Monday, May 2, 2011

Transfiguring the everyday: Part II

on Thich Nhat Hanh’s You are Here and Rilke’s Letters on Cézanne

The Vietnamese Zen Buddhist master and poet Thich Nhat Hanh’s latest book is You Are Here (Shambhala, 2010). It is full of simple-sounding profundities like “concentration is the practice of happiness.”

He uses an example called “orange meditation” with characteristic lightness of touch. “An orange is nothing less than a miracle.” He goes on to describe, with the imagination of an artist, how the orange, revealing its orange-ness by simply being present, offers “deep insight” into the nature of presence.

Rilke found such presence, such “suchness” (another TNH term) in the still lifes of Cézanne. His Letters on Cézanne (Fromm, 1985) is essential as Thich Nhat Hanh’s writings. Both defy the limitations of labels imposed by our systems of categorization. Rilke touches on our reductive tendencies when he writes

how deeply we are placed on the ground of transformation, we most changeable ones who walk about with the urge to comprehend everything (because we’re unable to grasp it)

I think Rilke must be smiling (through whatever incarnation his current manifestation may be), knowing his Letters could be filed under “biography” or “criticism” or “art” or “poetry.” He concludes his observations on our all-too-human tendencies “to grasp” with words his Zen master great-nephew echoes today.

We reduce immensity to the action of our heart, for fear that it might destroy us.

(Thich Nhat Hanh was born in 1926, 10 weeks before Rilke died).

Returning to the Zen slogan “concentration is the practice of happiness,” we can touch both the artist’s single-minded devotion to her work and the challenges inherent in such focus. Rilke called the painter’s concentration a “conflagration of clarity.” The white-hot intensity of artistic passion is both source of the creative impulse and “burn factor” risk to anyone in that smoldering orbit.

The Buddhist practice of mindfulness meditation (akin to listening for the “still small voice” in the Judeo-Christian traditions) “invites us to look deeply at reality.” It is an invitation “to discover,” and to “embark on a journey” towards “joy and happiness” through mindfulness of the present moment. Concentration. Attention. Presence.

Rilke speaks for all humanity with refreshing candor when he says

one lives so badly, because one always comes into the present unfinished, unable, distracted…

Such a one might miss the miracle the orange is, might not see “the cloud floating in [a] piece of paper.” Thich offers more insight: the “true nature of this piece of paper is inter-being. Before taking the form of paper, it already existed in the form of sun, cloud, rain and trees.”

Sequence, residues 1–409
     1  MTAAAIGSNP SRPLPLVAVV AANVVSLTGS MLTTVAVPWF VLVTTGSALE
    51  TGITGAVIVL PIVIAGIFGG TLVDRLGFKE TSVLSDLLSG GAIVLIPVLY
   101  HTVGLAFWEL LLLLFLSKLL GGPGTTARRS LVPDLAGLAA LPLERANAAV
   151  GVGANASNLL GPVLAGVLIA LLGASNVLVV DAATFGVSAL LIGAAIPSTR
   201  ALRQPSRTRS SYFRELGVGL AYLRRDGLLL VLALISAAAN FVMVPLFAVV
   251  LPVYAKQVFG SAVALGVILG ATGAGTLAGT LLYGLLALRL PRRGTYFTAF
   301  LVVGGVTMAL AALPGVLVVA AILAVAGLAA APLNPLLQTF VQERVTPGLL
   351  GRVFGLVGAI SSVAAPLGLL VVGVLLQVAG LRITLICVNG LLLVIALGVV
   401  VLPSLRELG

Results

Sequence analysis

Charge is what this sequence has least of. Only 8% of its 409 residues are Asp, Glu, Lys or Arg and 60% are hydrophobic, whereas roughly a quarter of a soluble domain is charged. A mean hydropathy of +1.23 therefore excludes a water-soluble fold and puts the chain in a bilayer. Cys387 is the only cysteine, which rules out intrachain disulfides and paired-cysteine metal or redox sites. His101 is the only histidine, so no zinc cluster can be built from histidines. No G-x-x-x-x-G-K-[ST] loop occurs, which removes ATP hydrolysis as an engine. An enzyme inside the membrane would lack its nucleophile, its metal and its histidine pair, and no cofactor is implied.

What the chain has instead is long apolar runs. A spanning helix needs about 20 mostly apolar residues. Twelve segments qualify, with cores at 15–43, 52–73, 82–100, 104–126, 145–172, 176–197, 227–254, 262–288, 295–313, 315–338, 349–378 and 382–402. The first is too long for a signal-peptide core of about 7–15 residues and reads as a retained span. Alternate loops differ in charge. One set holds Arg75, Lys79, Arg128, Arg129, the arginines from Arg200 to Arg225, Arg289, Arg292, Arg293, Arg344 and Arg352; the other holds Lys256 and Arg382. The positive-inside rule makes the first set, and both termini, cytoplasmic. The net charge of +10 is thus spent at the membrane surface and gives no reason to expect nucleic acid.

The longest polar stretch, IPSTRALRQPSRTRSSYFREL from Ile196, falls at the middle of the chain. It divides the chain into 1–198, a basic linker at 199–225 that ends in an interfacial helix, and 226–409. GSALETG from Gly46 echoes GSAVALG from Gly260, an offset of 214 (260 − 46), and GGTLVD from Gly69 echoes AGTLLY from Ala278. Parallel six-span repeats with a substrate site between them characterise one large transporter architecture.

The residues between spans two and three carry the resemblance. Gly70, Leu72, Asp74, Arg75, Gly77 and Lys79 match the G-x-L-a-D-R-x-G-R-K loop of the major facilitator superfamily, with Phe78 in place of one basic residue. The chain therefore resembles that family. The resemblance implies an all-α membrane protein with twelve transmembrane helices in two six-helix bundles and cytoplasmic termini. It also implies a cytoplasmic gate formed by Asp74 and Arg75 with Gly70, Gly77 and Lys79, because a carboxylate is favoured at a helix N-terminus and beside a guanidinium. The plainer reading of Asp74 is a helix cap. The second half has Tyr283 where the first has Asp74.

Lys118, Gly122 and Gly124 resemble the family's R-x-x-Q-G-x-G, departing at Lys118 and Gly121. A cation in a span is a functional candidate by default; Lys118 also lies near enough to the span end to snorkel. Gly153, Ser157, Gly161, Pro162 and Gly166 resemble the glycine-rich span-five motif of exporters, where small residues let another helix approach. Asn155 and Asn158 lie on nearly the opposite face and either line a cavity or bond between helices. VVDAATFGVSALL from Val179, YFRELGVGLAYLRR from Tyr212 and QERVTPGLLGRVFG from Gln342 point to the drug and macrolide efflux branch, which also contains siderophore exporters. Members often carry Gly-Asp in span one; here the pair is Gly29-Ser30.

“You do not have to be a poet to see it,” he gently reminds the literal-minded.

Rilke communes with Mother Nature by praising the animals, “more real than anything.” He is again candid about our species’ tragic / comic habit of “missing the point.”

How blindly they misuse what has never been looked at, never experienced, distract themselves by displacing all that has been immeasurably gathered together…

“To see the world in a grain of sand,” as the visionary poet William Blake saw it, is another way to perceive all of nature’s elements in a single sheet of paper. Rilke relates the ecstatic energy that comes from such newness, when an object “revisited with increased excitement” is seen as if for the first time.

Rilke goes on to describe the essential qualities of Cézanne’s oranges, and his insight is as relevant to the artist as it is to any amateur, student or pilgrim.

This labor which no longer knew any preferences or biases or fastidious predilections, whose minutest component had been tested on the scales of an infinitely responsive conscience, and which so incorruptibly reduced a reality to its color content that it resumed a new existence in a beyond of color…It is this limitless objectivity…purely by means of color…

Rilke’s description echoes Michelangelo’s evocation of sculpture’s origin. It is parallel to the process of listening, testing and discerning mentioned by composers. Chipping away at the stone to reveal the form hidden beneath the surface parallels sifting through the internal voices to hear the music. Practicing mindfulness meditation or listening for the “still, small voice” connects the spiritual path to the artist’s work.

Once this process of listening and discernment has been given time to ripen, to season and blossom, essence is revealed. Presence. Suchness. “Muchness,” as the Mad Hatter puts it in one of Alice’s Adventures in Wonderland.

Another one of TNH’s recurring themes is naming: calling things “by their true names.” This applies to emotions, beliefs, concepts and people. Naming plays a central role in Alice’s adventures. The nursery rhymes and “tall tales” are but one side of the looking- glass. Before Humpty Dumpty recites poetry (“The Little Fishes”) to Alice, he asks what her name means. “Must a name mean something?” Humpty’s reply, “of course it must!” is another clue to help Alice realize her own muchness.

“Everything is simplified…nothing is insignificant and superfluous,” Rilke says of Cézanne’s still lifes. The “simple” apples and oranges are recognized by their suchness and called by name.

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